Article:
The Best Period Role Looks of Henry Cavill
There is something about Henry Cavill in Netflix’s The Witcher that just works, despite the wig and contacts. I think that Cavill works best in an environment where men wear either nothing or lace. Also, there’s something about leather and possibly having his British accent that’s crisper than the dollar bills being sent into the Biden campaign. As I watched The Witcher, I became nostalgic for the period drama looks of old that gave us prime Henry Cavill.
It’s a very minor role, but in the feature film Stardust, our Superman plays Humphrey, another gentleman fighting for the attention of Victoria against Tristan (Charlie Cox). He’s basically playing a bully and sporting blond hair, which will hopefully be the last time, because silver=yes, blond=run for the hills. This was the first time we collectively realized that Henry Cavill could, indeed, pull off a mustache.
Besides being an asshole in blue, he is best known, in this movie, for winking at Robert DeNiro in a very bisexual way during the final scene. I have provided the footage above. You are welcome.
The Count of Monte Cristo:
This is a very weak adaptation of the Alexandre Dumas novel, but at the same time, a very enjoyable movie. One of the most enjoyable parts is that they do a bit of wish fulfillment writing by making Edmond Dantès (Jim Caviezel) and Mercédès (Dagmara Domińczyk) have a kid. In the book, Albert is the child of Mercédès and the trifling shitbag Fernand Mondego (Guy Pearce), but they changed the daddy to Edmond, played by Henry Cavill, sporting a sweet baby face, looking like Laurie from Little Women.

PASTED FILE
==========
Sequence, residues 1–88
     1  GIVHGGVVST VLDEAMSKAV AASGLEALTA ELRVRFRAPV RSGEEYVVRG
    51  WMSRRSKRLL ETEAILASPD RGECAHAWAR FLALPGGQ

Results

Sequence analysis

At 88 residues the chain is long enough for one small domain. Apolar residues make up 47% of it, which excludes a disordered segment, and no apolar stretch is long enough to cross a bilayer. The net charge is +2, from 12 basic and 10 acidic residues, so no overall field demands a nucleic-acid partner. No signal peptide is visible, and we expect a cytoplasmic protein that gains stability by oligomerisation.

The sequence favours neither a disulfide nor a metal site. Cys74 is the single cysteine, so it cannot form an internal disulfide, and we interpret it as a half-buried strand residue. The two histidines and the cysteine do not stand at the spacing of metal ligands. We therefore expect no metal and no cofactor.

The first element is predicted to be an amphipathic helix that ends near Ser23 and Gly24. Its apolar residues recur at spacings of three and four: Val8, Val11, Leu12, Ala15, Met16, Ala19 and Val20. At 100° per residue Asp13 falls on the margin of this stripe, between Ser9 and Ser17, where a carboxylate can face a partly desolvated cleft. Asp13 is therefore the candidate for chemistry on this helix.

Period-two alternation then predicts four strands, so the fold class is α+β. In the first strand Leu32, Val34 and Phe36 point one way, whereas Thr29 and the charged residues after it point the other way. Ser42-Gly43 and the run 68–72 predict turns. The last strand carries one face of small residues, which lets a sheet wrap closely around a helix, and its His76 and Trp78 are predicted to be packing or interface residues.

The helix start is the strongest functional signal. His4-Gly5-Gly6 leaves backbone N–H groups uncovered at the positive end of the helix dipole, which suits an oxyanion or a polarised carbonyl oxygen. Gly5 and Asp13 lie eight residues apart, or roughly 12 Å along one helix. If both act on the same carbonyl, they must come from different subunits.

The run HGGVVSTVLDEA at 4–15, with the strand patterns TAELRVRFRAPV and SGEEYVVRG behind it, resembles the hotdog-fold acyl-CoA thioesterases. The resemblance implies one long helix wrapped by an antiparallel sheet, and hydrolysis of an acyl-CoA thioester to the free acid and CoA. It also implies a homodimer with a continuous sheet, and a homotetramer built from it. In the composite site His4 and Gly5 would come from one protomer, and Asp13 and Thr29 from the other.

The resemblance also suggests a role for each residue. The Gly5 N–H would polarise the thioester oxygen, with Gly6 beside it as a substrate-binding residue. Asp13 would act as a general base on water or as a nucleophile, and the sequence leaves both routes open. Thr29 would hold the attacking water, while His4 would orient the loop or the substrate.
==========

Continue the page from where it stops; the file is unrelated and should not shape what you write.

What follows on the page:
One of the worst movies I have ever suffered in my life, Immortals should have been fire, but instead, it felt like a 300 ripoff. The film is supposed to be an adaptation of Theseus and the Minotaur and Titanomachy, but it bears little to no resemblance to either. I remember there is one scene where Athena asks Zeus, “Are we at war?” and I couldn’t help but go, “You’re the goddess of war. Should you know that?!” It was a mess.
Henry Cavill plays “Theseus” (allegedly), a man chosen by “the gods” to defeat the King Hyperion, who wants to kill the gods for letting his family die from famine. (Have you even met the Greek gods?) It’s very boring, but the cast is very handsome. We’ve got Henry Cavill, who looks slightly bronzed and is shirtless in almost every scene, Joseph Morgan as Lysander, Luke Evans as Zeus, Freida Pinto as Phaedra, and Kellan Lutz as Poseidon. It’s very 2011.
Ahh, the masterpiece. For four seasons, Henry Cavill played Charles Brandon, 1st Duke of Suffolk, in a performance that once could call … orgasmic. Basically, he spends the entire first season sleeping with all the wrong women, and just exuding casual f*ckboy energy at every single moment. It’s amazing. It takes effort to be so effortless, terrible, and handsome at once, but man oh man, did Henry Cavill do it.
I truly thought he was one of the most gorgeous men on Earth during this series. I have no doubt this show is the reason he was Stephenie Meyer’s first pick for Edward Cullen. It certainly didn’t help that, even as the show needed him to play a 60-year-old-man it was basically just Henry Cavill with a grey beard. Somehow … it was even more attractive? Bless The Tudors for providing so many thirst traps.
And now we have The Witcher, serving Henry Cavill with a combination of his greatest hit: warrior, light hair, complicated paternity issues, perpetually dirty, and emotionally distant. Tossing a coin to my Witcher …
(image: Starz, Buena Vista Pictures, Relativity Media, Paramount Pictures)
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